LUBBOCK, TC (KCBD) - The Texas Parks and Wildlife Department has launched a new website to help conserve water and help us "survive" the drought. Dusty earth and dried up plants is what most of the south plains looks like in the midst of this drought. Meteorologists say the end won't come anytime soon, so Texas Parks and Wildlife Department has created a virtual survival kit to help you cope with mother-nature.
"We are experiencing our worst one year drought on record, not only in this part of West Texas but in the entire state of Texas has been impacted" Ron McQueen, Meteorologist at the National Weather Service says He adds that we're heading for our second la Niña winter in a row, "what that means for us is that we will have a greater likelihood of having a warmer and dryer winter season" McQueen says.
Survival guide number one: saving your dying front lawn. "You don't have to make it all rocks and stone, you can actually have grass, you can have plants or trees that are more native to West Texas and that will help you conserve water" KCBD NewsChannel 11's Chief Meteorologist John Robison says. "Some of the trees I believe are good in the area are called Chinese Mulberry believe it or not. It's supposed to be drought resistant and can handle the lack of water and last for many years" he says.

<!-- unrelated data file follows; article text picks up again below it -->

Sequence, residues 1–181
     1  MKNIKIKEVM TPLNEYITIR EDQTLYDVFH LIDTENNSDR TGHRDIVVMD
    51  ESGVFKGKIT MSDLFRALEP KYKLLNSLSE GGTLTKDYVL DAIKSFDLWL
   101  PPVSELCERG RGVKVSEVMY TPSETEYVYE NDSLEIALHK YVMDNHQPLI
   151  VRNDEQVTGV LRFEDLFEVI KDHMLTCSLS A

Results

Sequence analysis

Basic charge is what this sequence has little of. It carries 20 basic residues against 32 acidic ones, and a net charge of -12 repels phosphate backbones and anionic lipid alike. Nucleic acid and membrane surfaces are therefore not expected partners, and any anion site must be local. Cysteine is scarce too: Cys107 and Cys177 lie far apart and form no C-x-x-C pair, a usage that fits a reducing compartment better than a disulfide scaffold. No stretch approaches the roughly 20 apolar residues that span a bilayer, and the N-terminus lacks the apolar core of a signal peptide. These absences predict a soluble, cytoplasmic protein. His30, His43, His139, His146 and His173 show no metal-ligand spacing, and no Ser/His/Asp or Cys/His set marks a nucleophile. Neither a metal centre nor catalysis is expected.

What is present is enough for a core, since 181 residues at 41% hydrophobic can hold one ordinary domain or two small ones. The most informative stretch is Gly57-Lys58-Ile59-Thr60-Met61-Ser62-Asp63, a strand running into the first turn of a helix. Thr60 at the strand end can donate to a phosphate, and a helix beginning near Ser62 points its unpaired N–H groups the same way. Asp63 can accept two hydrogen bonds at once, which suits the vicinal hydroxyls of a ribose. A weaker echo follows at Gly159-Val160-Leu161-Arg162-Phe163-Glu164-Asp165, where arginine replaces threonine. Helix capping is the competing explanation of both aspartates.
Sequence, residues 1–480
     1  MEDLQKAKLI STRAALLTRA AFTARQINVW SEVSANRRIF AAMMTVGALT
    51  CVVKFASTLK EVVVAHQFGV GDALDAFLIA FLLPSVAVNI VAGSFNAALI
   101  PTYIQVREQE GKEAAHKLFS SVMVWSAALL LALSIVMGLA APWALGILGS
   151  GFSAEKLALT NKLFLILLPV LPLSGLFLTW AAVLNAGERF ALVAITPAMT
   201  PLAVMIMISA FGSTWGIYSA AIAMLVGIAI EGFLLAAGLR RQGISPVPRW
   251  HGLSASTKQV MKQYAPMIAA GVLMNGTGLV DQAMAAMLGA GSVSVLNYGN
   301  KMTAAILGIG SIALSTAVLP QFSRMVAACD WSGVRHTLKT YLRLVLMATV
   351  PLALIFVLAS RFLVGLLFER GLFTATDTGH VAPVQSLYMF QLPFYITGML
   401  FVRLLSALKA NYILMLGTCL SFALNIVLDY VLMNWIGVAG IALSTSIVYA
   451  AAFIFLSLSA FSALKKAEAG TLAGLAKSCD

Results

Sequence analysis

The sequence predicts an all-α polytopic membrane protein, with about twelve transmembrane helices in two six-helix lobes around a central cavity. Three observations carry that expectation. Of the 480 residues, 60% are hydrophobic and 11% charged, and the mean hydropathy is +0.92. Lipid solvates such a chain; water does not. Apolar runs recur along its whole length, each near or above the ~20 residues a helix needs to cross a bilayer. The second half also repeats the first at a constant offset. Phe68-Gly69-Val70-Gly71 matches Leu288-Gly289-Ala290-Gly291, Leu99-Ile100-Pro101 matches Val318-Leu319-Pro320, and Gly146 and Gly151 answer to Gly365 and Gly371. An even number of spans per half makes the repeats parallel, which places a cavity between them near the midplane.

As grass across the south plains dies, wildlife heads to places like the Hub City in search of food and water. "There are also cases of I think more rats and other wild animals and varmints as we would call them are trying to make their way into the city because there's less vegetation on the ground, some areas of the state are seeing more snakes come towards the city for food" Robison says. The Texas Parks and Wildlife Department's website recommends only observing them from a safe distance.
"It will take quite some time before we fully understand just what drove this year to be so bad, we don't know the answer yet" McQueen says.